Los Angeles County Public Health officials say this is the earliest start to flu season the county has seen in five years.
LOS ANGELES (KABC) -- The surge of the early appearances of RSV and flu-like illnesses are taking a toll on schools as they are keeping kids home from school.
The worst of the cold and flu season usually doesn't hit until much later, but at the Los Angeles Unified School District, which serves about 600,000 students, a variety of viruses are keeping attendance counselors busy.
"We're seeing more kids absent earlier than we've seen before," said LAUSD Medical Director Dr. Smita Malhotra.
Malhorta said the trend of students missing school because of medical issues is trending upward.
"Which correlates with the rates of rising respiratory infections that we're having in children throughout LA County," she said.
Malhotra is referring to respiratory infections such as RSV, influenza, rhinovirus and enterovirus. While RSV is the most detrimental to infants and toddlers, illnesses in older children usually last about a week.
"It is causing absences in our schools. Children are calling out sick, but the good news is they recover quickly so they don't miss a lot of learning time," Malhotra said.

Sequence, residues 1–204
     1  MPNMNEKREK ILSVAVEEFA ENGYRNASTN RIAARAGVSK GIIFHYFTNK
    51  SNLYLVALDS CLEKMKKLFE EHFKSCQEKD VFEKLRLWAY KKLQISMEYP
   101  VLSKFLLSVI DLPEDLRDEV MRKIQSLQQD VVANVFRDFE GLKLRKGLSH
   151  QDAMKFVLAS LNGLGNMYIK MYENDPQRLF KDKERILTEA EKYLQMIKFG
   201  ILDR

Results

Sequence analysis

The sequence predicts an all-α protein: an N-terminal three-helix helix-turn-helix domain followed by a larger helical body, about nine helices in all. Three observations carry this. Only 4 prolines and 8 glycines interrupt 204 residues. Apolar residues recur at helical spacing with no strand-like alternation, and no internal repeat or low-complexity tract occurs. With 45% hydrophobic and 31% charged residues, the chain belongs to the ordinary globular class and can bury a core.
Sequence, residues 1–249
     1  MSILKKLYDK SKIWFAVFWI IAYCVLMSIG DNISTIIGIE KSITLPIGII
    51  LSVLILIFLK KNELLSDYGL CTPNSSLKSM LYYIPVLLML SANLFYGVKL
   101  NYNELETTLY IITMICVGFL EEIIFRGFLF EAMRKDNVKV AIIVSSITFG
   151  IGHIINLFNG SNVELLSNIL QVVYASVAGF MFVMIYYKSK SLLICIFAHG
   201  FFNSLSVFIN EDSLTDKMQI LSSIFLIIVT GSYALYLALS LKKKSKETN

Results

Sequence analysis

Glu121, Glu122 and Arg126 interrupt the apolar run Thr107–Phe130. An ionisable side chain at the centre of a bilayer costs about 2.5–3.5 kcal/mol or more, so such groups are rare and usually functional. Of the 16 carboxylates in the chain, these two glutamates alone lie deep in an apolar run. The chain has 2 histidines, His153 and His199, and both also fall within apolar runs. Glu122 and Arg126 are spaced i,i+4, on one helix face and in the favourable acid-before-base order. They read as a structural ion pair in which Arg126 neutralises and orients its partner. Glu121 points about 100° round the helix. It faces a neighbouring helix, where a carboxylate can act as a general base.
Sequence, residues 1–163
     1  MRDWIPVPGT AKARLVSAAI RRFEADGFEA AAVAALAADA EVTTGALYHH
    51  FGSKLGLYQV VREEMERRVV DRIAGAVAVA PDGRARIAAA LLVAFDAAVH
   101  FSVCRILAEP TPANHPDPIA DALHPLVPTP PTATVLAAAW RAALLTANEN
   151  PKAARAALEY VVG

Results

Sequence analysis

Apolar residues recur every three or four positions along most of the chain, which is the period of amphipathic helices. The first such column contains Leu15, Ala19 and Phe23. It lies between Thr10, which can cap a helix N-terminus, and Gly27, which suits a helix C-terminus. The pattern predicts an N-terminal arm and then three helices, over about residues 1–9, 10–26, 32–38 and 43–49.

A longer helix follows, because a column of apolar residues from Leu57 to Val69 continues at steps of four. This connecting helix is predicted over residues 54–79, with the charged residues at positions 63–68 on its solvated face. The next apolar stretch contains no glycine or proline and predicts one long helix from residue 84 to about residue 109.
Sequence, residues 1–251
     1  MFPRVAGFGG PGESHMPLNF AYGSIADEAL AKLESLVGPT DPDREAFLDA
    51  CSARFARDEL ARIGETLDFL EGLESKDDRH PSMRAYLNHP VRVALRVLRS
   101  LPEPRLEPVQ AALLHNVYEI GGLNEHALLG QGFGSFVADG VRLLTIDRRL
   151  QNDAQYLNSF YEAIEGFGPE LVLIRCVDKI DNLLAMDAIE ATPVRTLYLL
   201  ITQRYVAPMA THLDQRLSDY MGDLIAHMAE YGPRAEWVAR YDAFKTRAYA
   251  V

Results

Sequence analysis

But influenza can keep kids out much longer. L.A. County Public Health officials said this is the earliest start to flu season the county has seen in five years and because of this, LAUSD will be reaching out to parents.
"Today, we will be sending a letter to parents with information about the rising rates of respiratory infections and what they can do for preventive measures," Malhotra said.
These preventative measures like getting a flu shot, COVID booster, frequent handwashing, wearing masks when needed and keeping sick kids home can prevent the spread of illnesses.
"We know when our children are not doing okay, and so follow that parental instinct because it's incredibly powerful," Malhotra said.
Eyewitness News checked in with other school districts and San Bernardino City Unified said it's also seeing an increase in student illnesses.
While not every school district is reporting an unusual number of absences, the CDC says flu activity is expected to continue for months and is urging everyone who's six months and older to get vaccinated.